@sikyon: Actually, it's a popular myth that the cells in your body are completely replaced regularly. It's a much slower process than most people think -- you still have molecules in you that your body first produced about ten years ago. So if you're in your twenties, all the molecules you were born with are gone, but the molecules from your awkward teen years are still there.
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Re: Wait, can free will exist?

Postby doogly » Tue Jun 14, 2011 5:01 pm UTC

I will entertain any alternative coherent proposal for "free will."
Atomic decay does not do any bad things to the unitary evolution of states.
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Re: Wait, can free will exist?

Postby gmalivuk » Tue Jun 14, 2011 5:16 pm UTC

King Author wrote:I think you misunderstand -- if you say "x is true" and I say "prove it," then if you want to prove it, you have to prove it to me, you can't tell me that I have to adopt your preconceptions.
Then please explain *your* preconceptions. If you can't precisely define what you mean by free will, we can't prove anything to you about it.
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Re: Wait, can free will exist?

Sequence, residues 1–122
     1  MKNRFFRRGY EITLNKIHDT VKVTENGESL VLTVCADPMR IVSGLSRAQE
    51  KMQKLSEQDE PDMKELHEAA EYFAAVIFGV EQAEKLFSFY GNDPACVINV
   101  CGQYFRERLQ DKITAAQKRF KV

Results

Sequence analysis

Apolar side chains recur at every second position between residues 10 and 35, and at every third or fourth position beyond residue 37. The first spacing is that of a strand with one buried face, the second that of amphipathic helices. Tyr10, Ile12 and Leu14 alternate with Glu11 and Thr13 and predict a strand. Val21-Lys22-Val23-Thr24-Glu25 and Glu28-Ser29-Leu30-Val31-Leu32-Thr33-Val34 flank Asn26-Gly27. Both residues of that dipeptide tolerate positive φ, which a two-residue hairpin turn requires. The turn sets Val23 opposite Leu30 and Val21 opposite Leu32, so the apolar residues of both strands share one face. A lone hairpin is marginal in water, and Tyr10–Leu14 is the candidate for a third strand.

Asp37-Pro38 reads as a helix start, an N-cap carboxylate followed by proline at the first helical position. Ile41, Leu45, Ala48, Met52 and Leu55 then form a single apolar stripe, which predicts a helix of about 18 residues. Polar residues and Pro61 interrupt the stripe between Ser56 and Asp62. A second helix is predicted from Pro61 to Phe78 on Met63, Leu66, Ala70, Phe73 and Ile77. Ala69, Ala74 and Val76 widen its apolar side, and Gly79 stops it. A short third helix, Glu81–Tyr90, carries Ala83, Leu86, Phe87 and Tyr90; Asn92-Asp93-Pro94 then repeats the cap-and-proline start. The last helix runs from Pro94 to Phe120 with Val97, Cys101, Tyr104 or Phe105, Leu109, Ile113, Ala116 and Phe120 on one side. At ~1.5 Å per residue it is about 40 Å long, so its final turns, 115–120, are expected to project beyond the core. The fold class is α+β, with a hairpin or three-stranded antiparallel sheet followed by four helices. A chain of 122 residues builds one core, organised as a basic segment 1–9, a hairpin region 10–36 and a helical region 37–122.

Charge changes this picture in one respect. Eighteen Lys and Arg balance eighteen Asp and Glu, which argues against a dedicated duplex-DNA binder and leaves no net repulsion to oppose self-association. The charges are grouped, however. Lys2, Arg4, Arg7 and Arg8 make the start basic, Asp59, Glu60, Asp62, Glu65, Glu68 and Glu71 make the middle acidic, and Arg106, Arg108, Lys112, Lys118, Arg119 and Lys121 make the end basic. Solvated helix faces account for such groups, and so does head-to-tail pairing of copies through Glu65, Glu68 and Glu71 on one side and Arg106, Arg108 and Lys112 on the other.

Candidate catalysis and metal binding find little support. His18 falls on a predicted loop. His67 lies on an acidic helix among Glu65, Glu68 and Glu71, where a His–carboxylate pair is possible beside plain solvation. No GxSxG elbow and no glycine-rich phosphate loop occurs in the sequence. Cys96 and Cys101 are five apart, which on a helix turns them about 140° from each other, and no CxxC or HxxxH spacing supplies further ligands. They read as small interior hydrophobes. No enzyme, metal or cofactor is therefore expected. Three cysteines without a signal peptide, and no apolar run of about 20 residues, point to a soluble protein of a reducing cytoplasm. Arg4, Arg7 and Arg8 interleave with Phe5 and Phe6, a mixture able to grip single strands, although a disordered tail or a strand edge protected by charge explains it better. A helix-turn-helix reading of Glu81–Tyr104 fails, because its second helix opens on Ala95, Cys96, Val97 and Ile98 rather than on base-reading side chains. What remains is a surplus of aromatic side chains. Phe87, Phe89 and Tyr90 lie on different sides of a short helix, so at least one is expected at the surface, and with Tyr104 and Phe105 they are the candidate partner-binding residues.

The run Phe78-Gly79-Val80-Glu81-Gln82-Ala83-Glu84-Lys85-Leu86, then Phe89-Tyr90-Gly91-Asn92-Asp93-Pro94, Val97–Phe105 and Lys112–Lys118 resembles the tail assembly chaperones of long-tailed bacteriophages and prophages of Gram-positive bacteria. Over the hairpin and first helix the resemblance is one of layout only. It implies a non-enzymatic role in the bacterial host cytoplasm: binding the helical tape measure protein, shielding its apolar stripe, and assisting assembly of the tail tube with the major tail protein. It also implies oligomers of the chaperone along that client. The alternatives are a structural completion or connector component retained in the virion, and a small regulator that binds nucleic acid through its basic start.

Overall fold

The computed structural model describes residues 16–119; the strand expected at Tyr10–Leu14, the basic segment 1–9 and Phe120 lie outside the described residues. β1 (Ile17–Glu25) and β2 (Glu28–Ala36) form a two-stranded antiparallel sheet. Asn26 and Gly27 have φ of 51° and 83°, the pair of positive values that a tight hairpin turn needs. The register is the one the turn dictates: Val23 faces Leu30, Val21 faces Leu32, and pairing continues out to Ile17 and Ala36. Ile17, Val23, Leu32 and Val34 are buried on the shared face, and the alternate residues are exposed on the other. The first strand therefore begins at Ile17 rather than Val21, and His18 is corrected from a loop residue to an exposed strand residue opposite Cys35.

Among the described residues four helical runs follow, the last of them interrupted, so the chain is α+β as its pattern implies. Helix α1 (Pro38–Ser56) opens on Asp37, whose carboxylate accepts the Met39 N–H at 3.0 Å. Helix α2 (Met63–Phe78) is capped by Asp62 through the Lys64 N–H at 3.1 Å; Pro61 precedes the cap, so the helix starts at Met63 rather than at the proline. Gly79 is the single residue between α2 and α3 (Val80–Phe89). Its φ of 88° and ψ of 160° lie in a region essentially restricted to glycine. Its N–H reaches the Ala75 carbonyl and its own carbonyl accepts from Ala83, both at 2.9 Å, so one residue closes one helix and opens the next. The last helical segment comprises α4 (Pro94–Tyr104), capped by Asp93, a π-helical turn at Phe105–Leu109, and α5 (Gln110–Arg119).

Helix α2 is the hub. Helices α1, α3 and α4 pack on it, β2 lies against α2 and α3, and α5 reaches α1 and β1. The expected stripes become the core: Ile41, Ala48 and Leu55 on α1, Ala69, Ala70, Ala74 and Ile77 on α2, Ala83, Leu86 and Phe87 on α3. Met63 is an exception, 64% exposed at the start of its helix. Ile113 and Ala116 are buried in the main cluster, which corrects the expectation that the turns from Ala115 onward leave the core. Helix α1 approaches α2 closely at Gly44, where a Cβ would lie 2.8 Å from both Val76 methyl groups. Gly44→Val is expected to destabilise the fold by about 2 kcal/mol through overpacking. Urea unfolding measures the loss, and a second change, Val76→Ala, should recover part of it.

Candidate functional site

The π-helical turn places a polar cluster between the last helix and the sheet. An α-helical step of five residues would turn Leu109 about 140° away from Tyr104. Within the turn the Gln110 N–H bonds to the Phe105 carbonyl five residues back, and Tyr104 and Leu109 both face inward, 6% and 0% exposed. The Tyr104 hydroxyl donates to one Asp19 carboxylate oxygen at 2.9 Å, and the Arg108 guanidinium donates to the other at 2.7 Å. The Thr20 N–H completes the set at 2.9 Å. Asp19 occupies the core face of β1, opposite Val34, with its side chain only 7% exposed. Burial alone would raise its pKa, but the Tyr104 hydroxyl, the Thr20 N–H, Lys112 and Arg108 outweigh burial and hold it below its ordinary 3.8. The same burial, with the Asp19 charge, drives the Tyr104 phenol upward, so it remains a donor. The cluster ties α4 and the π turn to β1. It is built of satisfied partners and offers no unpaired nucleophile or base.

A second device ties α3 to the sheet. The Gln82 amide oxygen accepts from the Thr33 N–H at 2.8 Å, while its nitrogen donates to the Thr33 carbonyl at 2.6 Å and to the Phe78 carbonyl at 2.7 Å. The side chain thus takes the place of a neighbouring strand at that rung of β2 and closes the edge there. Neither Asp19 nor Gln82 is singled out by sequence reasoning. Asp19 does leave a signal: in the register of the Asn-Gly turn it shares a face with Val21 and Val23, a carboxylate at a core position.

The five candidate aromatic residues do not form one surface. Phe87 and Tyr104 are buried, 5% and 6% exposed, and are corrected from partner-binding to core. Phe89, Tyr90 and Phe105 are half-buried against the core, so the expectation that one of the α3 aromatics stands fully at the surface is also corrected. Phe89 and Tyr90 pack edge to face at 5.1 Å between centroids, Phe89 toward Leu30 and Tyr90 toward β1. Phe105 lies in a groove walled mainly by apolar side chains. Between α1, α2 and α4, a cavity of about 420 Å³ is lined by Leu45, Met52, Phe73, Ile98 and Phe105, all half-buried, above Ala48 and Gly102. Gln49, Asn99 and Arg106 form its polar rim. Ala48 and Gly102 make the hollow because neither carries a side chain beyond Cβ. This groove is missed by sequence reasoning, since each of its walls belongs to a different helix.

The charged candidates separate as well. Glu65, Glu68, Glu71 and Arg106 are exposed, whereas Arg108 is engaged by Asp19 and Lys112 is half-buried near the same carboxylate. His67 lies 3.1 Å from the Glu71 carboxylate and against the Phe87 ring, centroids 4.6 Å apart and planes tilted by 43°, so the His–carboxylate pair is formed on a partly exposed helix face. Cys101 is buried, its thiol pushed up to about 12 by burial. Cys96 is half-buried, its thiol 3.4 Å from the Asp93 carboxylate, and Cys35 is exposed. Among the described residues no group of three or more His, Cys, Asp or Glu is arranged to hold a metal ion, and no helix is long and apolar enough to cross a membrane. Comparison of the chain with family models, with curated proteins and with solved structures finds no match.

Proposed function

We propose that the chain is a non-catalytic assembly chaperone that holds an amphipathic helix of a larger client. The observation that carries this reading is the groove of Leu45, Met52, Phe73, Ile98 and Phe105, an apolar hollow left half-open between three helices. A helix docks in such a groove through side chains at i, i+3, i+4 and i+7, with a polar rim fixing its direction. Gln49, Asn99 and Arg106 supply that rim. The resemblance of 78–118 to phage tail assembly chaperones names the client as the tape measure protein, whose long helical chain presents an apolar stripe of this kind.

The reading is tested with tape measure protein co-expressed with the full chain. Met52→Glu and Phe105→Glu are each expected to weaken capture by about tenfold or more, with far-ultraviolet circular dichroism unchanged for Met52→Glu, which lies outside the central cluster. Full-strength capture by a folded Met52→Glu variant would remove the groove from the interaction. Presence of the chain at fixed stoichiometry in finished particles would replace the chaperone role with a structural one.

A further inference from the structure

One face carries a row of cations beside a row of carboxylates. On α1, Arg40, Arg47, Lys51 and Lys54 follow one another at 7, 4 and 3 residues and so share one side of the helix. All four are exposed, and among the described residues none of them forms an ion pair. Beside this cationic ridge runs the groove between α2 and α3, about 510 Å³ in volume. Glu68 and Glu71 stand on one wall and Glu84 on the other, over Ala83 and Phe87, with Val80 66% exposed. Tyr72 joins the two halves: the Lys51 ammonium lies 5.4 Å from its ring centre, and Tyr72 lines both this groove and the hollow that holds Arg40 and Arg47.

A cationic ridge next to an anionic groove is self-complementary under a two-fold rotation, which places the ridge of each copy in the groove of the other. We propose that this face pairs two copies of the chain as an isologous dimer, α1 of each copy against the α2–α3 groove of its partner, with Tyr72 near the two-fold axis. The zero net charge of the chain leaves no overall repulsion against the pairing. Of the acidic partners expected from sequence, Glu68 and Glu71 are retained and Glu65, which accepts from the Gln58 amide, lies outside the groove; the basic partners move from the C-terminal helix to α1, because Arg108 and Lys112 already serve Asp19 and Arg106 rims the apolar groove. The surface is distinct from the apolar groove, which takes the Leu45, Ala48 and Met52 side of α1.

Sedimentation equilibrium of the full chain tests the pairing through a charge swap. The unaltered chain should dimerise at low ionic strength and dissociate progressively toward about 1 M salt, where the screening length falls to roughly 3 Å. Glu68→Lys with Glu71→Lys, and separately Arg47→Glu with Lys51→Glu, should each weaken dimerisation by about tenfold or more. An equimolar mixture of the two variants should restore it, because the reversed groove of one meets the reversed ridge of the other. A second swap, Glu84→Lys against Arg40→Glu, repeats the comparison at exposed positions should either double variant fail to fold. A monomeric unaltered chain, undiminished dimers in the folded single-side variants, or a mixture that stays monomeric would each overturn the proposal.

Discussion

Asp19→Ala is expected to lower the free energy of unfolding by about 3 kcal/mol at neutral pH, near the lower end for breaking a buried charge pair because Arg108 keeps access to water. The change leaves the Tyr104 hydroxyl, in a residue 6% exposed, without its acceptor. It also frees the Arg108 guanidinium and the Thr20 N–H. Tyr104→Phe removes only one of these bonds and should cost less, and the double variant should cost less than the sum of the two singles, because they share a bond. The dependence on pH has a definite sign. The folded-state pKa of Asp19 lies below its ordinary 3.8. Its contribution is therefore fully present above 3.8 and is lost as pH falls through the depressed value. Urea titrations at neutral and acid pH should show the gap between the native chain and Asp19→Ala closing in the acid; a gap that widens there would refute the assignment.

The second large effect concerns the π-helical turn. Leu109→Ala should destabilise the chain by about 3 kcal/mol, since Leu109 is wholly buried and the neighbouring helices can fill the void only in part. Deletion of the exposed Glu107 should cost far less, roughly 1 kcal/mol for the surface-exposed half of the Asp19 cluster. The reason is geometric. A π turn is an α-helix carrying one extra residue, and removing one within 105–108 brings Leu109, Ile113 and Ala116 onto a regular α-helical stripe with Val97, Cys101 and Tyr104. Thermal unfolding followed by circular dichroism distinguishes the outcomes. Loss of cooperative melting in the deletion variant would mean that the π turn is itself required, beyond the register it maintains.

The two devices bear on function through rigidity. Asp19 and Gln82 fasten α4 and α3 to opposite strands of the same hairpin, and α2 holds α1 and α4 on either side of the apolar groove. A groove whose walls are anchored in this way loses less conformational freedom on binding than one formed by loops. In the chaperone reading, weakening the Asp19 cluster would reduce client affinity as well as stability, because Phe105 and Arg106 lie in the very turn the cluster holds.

Postby Moose Hole » Tue Jun 14, 2011 5:27 pm UTC

We can determine future actions, up to a point where there is a choice, and we don't understand that choice.

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Re: Wait, can free will exist?

Postby doogly » Tue Jun 14, 2011 5:32 pm UTC

So free will is defined in terms of our ignorance of the underlying mechanics, whatever they may or may not be?
Then the existence of free will is a trivially true fact.
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Re: Wait, can free will exist?

Postby webgrunt » Tue Jun 14, 2011 10:08 pm UTC

Xanthir wrote:Define "free will".

I'm not being facetious. There is no way to have a conversation about "free will" without defining just what is meant by the term. Otherwise the conversation will just be a lot of hand-waving over "No, I didn't mean that" and "No, I didn't meant that either".



Ah, yes. If free will doesn't exist, then I don't think it can be defined in any way that makes sense. So your request to define it points me towards the conclusion that it doesn't exist.

Thanks to you and everyone else who posted here for your willingness to re-hash this tired issue for me, I greatly appreciate it and feel I do have a better understanding now.